THE MODERATOR: Being a dad is part of that, though.
WILL POWER: Absolutely. Best thing ever. I want four of them. Wife doesn’t. I love it, man. She does the hard yards. I don’t really do the hard yards. I just get to enjoy the kid.
Q. After the start of the season you had, how important was it to get back up with the championship standings after what happened at Indy?
WILL POWER: I was really happy in Indy to finish 15th, just starting how I did. Falling back to 30th. I just said in my head, Just keep digging. Every point matters. That’s kind of what I’ve been doing. Every point matters.
I finished 15th. That’s not bad. A couple legit championship contenders had bad days. We’re still in it. We were only 24 behind after that. Had a good day there, be looking real good.
You’re going to have that all year, these ups and downs. The straighter you can keep that line, the better it is.
Q. Coming up to Road America, you’ve had wins, podiums. How happy are you that’s the next venue INDYCAR is heading to?
WILL POWER: Yeah, I’m looking forward to it. I’m looking forward to a bunch of these races coming up. Doesn’t mean you’re going to have a good day. Yeah, know the track, all the tracks. Yeah, going to do all the work necessary to be competitive.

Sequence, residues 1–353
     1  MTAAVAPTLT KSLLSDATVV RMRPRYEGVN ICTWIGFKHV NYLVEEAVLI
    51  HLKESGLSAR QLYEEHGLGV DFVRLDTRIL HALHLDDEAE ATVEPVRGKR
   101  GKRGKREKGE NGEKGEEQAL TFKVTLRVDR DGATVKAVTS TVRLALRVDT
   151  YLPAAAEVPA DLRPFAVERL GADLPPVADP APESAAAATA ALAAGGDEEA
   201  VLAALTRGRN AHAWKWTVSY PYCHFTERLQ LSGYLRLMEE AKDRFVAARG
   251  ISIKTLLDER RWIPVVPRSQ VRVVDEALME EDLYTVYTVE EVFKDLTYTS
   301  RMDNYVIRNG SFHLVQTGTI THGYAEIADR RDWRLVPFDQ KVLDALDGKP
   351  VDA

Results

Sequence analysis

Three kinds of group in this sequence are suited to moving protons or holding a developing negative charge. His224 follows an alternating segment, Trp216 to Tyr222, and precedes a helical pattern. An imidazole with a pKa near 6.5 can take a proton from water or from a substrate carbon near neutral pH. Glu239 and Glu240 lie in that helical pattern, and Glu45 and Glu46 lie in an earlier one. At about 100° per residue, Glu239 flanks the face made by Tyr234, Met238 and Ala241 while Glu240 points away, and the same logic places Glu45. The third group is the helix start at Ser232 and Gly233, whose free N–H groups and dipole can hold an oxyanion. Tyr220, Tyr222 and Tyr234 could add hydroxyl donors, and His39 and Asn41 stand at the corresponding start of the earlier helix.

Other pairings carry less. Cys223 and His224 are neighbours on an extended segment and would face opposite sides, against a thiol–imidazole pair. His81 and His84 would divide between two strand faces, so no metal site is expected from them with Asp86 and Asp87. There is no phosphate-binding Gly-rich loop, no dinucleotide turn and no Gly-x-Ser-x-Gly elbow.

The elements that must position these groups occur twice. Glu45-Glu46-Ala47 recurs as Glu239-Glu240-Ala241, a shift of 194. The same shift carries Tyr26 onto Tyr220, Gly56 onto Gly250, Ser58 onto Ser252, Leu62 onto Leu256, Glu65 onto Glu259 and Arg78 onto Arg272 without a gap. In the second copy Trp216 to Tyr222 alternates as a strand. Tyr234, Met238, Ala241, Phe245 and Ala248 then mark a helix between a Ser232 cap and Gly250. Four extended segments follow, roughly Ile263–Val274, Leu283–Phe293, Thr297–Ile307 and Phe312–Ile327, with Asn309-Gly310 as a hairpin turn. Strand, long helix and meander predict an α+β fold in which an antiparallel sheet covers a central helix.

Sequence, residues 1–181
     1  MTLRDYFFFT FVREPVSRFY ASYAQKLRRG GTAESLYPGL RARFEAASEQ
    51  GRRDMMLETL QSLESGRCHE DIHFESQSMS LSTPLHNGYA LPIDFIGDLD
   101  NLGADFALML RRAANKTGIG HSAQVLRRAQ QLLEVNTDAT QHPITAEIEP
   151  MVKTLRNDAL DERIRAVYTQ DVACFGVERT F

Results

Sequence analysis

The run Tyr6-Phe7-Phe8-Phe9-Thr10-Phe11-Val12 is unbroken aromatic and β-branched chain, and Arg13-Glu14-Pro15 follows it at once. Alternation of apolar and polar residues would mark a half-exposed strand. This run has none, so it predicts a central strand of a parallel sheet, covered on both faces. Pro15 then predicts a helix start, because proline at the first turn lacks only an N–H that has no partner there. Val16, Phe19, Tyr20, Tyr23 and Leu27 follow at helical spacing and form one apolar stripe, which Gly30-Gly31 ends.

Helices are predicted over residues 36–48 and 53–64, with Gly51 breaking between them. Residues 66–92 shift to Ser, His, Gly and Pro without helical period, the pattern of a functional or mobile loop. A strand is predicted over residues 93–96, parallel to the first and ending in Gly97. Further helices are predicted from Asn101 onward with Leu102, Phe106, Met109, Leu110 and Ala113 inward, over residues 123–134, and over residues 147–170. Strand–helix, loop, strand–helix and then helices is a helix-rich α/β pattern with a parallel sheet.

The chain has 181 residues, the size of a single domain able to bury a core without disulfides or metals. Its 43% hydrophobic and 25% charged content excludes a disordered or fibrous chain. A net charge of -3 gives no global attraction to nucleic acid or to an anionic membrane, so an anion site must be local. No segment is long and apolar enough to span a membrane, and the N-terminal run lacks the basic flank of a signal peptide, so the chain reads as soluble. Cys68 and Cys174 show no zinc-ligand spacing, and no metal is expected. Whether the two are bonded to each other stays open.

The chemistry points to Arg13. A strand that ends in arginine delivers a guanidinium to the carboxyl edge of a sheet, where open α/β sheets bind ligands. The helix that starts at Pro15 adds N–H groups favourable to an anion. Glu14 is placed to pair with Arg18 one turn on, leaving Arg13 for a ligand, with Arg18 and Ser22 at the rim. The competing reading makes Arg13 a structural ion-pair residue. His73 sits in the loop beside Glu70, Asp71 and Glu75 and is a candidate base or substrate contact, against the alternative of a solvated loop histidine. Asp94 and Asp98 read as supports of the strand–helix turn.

Q. Going through the field like you did, you were only one of nine drivers to start on the black tires. How much fun was it being able to go around everyone on the reds?
WILL POWER: That was fun. I have to thank my engineer. He did a great job. He put a setup on that was all him. It was all his setup. In warmup, I said, Yeah, I think this thing is real good.
I was very focused on getting all the guys on plaques, which was two. I got Kirkwood and I got Dixon. After that just picked them off. Got to Newgarden. Oh, we’re actually in the lead here. Then, Let’s go. Took off.
Q. Were you ever worried about having a repeat of what happened with Josef after a late yellow?